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Thois Child Hood Memories

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Now, here's the problem. When you live in THE most land-locked city in Britain, i.e. Birmingham, you can look at holidaying in two ways.



1. We can go ANYWHERE, since we're not near the seaside to the north, south, east or west. OR...


2. We should take our beloved children on an aeroplane to somewhere sunny and exotic. It's what modern families in the 1970s are doing now.

OR you can ignore both of those and go to Wales.

Wales, Wales, Wales. My parents were relentless in their exploration of this rainy paradise from about 1968 until I was old enough to afford my own air fares.



And yet, looking back, these are the memories which come immediately to mind when I recall my childhood. This is me and my older brother in the sands at Newport in Pembrokeshire in 1970.

I was 3 years old and just pre-tomboy by the looks of the chic, retro, towelling bikini.

I don't remember it raining all the time. It certainly didn't seem to keep us away from the beach.

My overwhelming recollections are those of sun-filled, barefoot days on the sand, picnics and flasks, racing through the prickly sand dune grass to find the most giant dunes to jump and roll down.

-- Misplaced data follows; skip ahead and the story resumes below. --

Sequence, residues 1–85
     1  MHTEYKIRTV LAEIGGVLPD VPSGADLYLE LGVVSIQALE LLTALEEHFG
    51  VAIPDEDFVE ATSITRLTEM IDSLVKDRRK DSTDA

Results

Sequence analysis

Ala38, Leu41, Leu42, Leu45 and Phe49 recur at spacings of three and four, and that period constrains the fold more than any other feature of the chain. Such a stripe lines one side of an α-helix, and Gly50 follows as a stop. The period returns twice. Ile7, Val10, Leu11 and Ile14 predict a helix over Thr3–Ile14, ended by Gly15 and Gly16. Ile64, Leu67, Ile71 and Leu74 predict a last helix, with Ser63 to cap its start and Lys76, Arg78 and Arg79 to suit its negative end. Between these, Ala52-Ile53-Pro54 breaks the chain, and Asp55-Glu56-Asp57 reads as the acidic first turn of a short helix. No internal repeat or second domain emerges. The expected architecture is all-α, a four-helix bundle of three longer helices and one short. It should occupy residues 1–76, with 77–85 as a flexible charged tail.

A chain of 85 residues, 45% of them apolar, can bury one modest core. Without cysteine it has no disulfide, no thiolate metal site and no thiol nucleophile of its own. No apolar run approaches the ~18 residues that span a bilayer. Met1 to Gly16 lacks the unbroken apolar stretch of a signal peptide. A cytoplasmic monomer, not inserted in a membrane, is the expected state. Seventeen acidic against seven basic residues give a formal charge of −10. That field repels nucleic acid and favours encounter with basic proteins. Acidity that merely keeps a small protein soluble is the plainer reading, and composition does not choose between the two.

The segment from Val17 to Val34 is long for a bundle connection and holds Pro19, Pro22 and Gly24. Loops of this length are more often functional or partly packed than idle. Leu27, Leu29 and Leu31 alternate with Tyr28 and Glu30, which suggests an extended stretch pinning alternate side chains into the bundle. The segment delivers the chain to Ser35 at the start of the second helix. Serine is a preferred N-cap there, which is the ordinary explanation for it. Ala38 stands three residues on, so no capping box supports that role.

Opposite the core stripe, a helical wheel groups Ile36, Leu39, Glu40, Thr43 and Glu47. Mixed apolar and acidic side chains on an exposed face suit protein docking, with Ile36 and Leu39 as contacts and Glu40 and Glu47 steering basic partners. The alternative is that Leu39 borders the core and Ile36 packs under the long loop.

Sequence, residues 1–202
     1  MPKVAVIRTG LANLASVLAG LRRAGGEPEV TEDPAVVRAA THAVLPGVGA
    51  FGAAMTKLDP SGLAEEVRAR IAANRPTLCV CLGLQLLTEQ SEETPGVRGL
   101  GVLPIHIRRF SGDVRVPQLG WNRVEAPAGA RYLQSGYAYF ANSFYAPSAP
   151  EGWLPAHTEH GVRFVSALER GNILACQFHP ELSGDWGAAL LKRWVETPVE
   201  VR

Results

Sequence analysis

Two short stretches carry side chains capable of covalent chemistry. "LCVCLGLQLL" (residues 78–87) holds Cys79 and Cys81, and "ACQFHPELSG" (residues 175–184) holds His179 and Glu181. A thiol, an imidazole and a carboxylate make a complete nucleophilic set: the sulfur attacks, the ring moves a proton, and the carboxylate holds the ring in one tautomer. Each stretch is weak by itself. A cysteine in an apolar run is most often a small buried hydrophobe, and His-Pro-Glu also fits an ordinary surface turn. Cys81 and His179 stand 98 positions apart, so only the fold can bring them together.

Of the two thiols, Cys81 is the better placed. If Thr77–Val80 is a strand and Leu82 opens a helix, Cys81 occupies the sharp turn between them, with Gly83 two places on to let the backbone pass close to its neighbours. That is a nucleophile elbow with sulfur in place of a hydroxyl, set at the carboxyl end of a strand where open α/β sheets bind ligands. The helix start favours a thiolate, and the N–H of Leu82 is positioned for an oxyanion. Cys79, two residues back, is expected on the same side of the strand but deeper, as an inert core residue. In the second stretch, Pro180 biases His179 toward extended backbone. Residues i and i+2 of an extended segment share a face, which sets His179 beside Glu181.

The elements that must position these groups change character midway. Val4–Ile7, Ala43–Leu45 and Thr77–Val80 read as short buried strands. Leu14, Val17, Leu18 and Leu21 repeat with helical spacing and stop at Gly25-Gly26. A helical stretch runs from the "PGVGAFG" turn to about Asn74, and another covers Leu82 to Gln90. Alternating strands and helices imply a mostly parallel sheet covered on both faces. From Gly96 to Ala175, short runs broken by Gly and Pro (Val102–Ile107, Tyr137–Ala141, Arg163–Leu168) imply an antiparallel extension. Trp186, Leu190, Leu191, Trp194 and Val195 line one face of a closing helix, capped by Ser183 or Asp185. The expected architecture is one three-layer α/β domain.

We always had a party of around 7, plus dog. My mum and dad, we kids, my aunty and the two nans. The latter would install themselves with deck chairs and blankets close to the minibus and help themselves to tea on tap.



Meanwhile, the 'youngsters' would pile on to the beach for game after game of Bowls, launching the colourful green, red and yellow balls across the wet sand. When we were done with that it would become a French Cricket match. I invariably lost and sulked, but the memory that has stayed with me for 40 years is a good one.



And then there were the rock-pools. The bright orange coloured nylon line, tightly wound around a stick or a piece of wood.

My dad and brother could easily be absorbed in this pastime for hours on end, forgetting the picnic and the rising tide, and finding solace in the rhythm of the waves and the stillness of the pools they left behind.

I, of course, was afraid of everything.

The seaweed, the tiniest of crabs, even the fish gasping for air as my brother hauled them out of the sea. I was truly in awe of the way he used to gently and efficiently use his small fingers to remove the hook from the fishes mouths, and how he irritatingly, yet skillfully picked up even the most monster-like of crabs from the rear without getting pinched. He regularly made me scream and run.

He would place his hands into the rock pools beneath the seaweed and under the rocks. Even sitting here today this makes my skin creep. How did he know what was under there?!! This adoration of my big brother seemed to grow into tom-boyishness for a few years.

As this picture ably demonstrates, I even dressed like him. Yes, that is me and I am a girl (left). The haircut was my mother's idea. It clearly didn't help.

 

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